First, it is not a moral issue of right or wrong as long as there are no deceptive practices taking place. Second, most people, not just ministers, are uncomfortable having their salaries displayed before the public on a regular basis. Some positions in the secular world require such disclosure as with politicians and executives in publicly traded companies. But most people do not have to deal with the prying eyes of personal finances.

It is not a moral issue of right or wrong as long as there are no deceptive practices taking place.

Is there a way then to provide the best of both worlds? Allow the minister a modicum of privacy while maintaining a culture of openness in the church? In many churches, the minister’s individual salary is not made available for general public consumption. Any member, however, has the right to come to the church office to see the salaries if he or she desires. Most members really don’t worry or think about such matters. But, for those who do, the information is readily available.

Every church will have its own personality and thus have its own way of approaching this tension between transparency and privacy. Some ministers have no problem with their salaries being visible to all; others will struggle. For the latter group, the suggestion above may have merit.

Should I opt out of Social Security? How much housing allowance do I take? Do I have enough for retirement? Should I ask for a raise? Why should I even care about my financial picture? The Minister’s Salary was written to shed light on some of the issues that seem to most burden ministers. With simplicity and clarity, it provides a holistic look at key financial issues. The Minister’s Salary is an excellent, concise resource for anyone seeking answers to some of the most common financial questions asked by ministers. Now available!" -Art Rainer: http://www.amazon.com/gp/product/0692364676/ref=as_li_qf_sp_asin_il_tl?ie=UTF8&camp=1789&creative=9325&creativeASIN=0692364676&linkCode=as2&tag=artraicom-20&linkId=7D6DEQ2H7EFYVP4J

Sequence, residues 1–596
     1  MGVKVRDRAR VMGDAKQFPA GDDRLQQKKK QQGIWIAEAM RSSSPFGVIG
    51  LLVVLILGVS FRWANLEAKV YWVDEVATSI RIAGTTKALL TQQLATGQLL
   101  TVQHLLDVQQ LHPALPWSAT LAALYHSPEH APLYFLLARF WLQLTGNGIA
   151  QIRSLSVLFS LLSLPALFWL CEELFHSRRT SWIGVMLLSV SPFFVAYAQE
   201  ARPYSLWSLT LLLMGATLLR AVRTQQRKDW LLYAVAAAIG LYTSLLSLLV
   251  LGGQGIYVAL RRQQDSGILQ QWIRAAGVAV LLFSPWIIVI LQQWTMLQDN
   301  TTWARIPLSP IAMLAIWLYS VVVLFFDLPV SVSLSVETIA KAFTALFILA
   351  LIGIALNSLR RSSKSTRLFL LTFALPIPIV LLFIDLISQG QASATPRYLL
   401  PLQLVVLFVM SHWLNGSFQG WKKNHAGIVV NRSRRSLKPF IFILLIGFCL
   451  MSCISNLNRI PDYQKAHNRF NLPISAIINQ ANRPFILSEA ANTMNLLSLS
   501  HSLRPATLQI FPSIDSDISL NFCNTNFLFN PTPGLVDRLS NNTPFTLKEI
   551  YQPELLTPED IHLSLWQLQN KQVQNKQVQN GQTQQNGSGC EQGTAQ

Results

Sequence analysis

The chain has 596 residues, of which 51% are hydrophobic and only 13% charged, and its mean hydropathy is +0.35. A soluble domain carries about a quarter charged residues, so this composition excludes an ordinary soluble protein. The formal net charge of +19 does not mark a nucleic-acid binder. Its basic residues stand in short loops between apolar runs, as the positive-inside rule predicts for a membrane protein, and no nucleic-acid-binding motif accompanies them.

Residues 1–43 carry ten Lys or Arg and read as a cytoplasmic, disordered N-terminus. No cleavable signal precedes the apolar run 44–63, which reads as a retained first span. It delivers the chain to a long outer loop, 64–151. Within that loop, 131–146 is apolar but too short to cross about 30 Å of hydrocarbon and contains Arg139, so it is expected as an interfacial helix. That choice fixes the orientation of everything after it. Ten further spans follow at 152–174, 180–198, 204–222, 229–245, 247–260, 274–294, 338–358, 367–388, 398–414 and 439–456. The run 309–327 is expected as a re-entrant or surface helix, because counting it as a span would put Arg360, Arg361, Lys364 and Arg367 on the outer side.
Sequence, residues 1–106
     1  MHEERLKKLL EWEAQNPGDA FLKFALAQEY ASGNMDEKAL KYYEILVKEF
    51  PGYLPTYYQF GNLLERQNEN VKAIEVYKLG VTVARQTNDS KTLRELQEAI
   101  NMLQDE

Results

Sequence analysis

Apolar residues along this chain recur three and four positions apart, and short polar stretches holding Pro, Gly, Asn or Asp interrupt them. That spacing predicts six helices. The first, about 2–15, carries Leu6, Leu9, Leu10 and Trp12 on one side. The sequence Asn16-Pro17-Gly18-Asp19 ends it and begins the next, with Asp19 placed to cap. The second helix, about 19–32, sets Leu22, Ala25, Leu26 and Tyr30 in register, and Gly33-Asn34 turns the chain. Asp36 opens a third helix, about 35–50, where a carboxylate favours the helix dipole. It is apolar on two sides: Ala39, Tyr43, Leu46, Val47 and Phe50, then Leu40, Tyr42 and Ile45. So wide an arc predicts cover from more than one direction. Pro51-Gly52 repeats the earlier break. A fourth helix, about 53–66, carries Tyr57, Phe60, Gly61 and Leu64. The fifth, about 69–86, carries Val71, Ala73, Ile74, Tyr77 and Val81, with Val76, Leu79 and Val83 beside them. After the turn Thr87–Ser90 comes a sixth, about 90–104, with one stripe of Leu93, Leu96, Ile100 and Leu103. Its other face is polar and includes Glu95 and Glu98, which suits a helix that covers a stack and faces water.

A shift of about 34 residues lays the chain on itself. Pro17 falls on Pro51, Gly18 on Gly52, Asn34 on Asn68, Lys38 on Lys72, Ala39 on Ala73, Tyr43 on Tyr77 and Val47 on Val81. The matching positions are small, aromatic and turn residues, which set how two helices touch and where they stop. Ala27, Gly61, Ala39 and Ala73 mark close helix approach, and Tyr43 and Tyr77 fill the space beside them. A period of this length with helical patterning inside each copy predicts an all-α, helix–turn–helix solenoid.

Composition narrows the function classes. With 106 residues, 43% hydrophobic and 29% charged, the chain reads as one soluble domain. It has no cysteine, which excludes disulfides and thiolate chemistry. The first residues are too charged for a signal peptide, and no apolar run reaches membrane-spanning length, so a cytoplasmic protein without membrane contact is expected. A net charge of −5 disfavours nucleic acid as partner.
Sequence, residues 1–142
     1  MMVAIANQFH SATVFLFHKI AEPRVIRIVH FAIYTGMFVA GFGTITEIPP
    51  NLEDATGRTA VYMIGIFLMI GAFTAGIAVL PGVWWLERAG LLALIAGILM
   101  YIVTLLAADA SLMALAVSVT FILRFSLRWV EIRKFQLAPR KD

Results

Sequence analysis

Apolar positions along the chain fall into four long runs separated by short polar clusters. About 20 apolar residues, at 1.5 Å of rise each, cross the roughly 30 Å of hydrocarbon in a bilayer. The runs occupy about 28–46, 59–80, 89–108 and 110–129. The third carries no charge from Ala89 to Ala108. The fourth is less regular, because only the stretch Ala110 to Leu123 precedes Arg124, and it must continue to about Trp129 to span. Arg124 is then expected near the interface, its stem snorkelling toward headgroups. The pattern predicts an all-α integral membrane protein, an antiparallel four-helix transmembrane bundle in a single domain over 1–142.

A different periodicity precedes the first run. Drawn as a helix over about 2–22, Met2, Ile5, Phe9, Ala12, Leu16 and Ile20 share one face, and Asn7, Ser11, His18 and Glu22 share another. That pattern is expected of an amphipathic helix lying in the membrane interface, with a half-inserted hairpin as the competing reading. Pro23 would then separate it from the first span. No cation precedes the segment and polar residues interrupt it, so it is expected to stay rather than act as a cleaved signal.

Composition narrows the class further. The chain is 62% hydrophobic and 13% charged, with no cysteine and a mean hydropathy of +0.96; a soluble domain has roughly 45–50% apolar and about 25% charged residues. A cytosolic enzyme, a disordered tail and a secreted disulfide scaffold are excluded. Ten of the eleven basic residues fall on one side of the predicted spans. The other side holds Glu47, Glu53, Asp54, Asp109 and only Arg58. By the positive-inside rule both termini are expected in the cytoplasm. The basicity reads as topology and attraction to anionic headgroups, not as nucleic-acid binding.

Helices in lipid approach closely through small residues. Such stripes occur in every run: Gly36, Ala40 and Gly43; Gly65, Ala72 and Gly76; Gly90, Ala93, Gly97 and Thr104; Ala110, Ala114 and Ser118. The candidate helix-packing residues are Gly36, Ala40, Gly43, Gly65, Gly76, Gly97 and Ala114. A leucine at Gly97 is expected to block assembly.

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Sometimes I Read Something That Makes my Hair Stand on End and Makes Me Want to Shout “Hallelujah!”

As I continue reading, taking notes and slowly writing my thesis there is so much great stuff I come across. Obviously I can't post it all, but here's one - let it sink in:

"The wonder of creation is matched in the ancestral narratives of Genesis 12-50 with the capacity of God to call forth, in each successive generation, a faithful people that has itself reached a dead end. The narrative is shot through with the promissory resolve of YHWH.